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Dazzling, Sure, but to What Effect?

Tech wizardry can't give a movie charm or artistry. Under the glitz, 'Rings' is a big yawn.

April 04, 2004|Denis Dutton

Here in New Zealand, Peter Jackson is the man of the moment. His managerial capacities and showman's instincts have allowed him, as we like to think of it, to beat Hollywood's hotshots at their own game. He has given hundreds of inventive New Zealanders worthwhile, lucrative work and enhanced our tourist industry. Personally, I think he deserves a knighthood as much as his fellow countrymen, Sir Edmund Hillary or Sir Ernest Rutherford.

So when I add that the "Lord of the Rings" movie trilogy is, as a work of cinematic art, ham-fisted, shallow, bombastic and laughably overrated, don't get me wrong. I'm not knocking Jackson and his hard-working team. The larger issue is Hollywood and the degraded state of big-budget movies.

Jackson's "Lord of the Rings" represents the victory of special effects over dramatic art. Of course, special effects have been with cinema since the beginning. Georges Melies' droll 1902 "A Trip to the Moon," the first sci-fi movie, contained enchanting trick photography. Audiences were astonished by the 1932 "King Kong" (a stop-action model) and gawked at the dinosaurs (live lizards) that Victor Mature battled in the 1940 "One Million B.C." Stanley Kubrick's "2001: A Space Odyssey" showed that special-effects models can be beautiful, and computer-generated effects entered film in a big way with "Jurassic Park, "Titanic" and "The Matrix."

But the sense of amazement that special effects can induce tends to be short-lived. Filmgoers grow tired of the same kinds of effects, and then want more. The space travel shots of "Stars Wars" now seem trite, and the dinosaurs of "Jurassic Park," particularly in the final sequences of that movie, look creaky and artificial.

Audience habituation means that effects wizards are locked in the upward spiral of an endless special-effects arms race, with demands for bigger explosions, uglier villains, more frenzied and realistic violence, ear-splitting noises and ever-expanding battle scenes. A computer-generated crowd, according to the rule, must not be smaller than the crowds in last month's blockbusters.

The "Rings" trilogy is a case in point. Take away the frenetic effects from this unremarkable action-adventure fantasy and there is not enough on screen to keep even a subnormal human mind alive.

The narrative drags for long stretches. Acting? Elijah Wood plays Frodo with a repertoire of two wide-eyed expressions: his shocked-happy face and his shocked-hurt face. Women, as we'd expect from a geek epic, are merely an annoyance. As Clive James remarked, Middle-Earth is "a place where even Cate Blanchett and Liv Tyler come to be boring." And the good, stout men of this movie are not much better, strutting around sententiously as they intone J.R.R. Tolkien's pseudo-Shakespearean inversions ("This way lies danger," etc.).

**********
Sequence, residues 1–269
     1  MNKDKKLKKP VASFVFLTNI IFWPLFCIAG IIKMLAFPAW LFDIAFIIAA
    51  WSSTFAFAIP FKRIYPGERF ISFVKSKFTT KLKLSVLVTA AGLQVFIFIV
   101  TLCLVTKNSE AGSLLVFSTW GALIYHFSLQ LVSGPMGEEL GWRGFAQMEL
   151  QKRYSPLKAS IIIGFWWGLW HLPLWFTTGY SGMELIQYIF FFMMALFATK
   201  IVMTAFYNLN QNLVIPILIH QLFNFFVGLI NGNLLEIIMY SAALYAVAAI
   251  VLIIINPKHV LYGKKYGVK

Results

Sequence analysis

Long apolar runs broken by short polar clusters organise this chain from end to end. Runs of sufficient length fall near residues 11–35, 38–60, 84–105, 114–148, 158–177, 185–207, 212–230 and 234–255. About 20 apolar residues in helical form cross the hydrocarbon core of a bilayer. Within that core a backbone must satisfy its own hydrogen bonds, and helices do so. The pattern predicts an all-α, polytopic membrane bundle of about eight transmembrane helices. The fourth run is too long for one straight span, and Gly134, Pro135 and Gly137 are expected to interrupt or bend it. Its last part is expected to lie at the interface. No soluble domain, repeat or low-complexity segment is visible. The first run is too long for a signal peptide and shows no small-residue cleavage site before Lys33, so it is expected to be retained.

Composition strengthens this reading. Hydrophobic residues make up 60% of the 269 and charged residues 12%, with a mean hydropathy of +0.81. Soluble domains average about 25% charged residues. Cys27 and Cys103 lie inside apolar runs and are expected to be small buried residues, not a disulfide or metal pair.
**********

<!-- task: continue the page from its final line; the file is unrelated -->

Next month we'll get yet another remake of Homer's "Iliad," this time with Brad Pitt as Achilles. Expect the computer-generated bone-crunching, flesh-slicing battle scenes to exceed in quantity of pixel-soldiers and pints of fake blood those in either "Gladiator" or "Rings." That's what the special-effects arms race is all about. And that's why the upward spiral of special effects has yielded a downward spiral in the story-telling quality of big-budget movies.

Talking about the theater of his own time, Aristotle listed the elements that go into a good drama. The least important, he argued, was "spectacle" -- the staging, fancy costumes and special stage effects (such as the deus ex machina) the Greeks used in their theaters. Most crucial for intense dramatic experience was an effective plot and interesting characters. Except for the technology escalation, not much has changed in 2,500 years. Ignore Aristotle's advice, push spectacle to the top of the list, and you end up with such over-computerized, incoherent drivel as the recent versions of "The Hulk" or "Charlie's Angels."

Time was when celluloid images captured in the initial shoot formed the basic, intractable material from which a film editor worked. No more. Borrowing from the pumped-up visual rhetoric of TV commercials and video games, editors now recolor images, alter motion and add or delete whole objects, including characters, from scenes.

This has enabled a move toward cartoonish intensification. Thus in "Pirates of the Caribbean," the pirate ship is required to be portrayed as the blackest, most humongous ship ever seen. Sword fights must be tweaked so sparks and flashes accompany the clanging of blades. A treasure in a cave is not a chest of coins but an underground mountain of gold and jewels, and so forth. The computer, which had offered directors and editors creative freedom, has ended up delivering juvenile fantasy to audiences.

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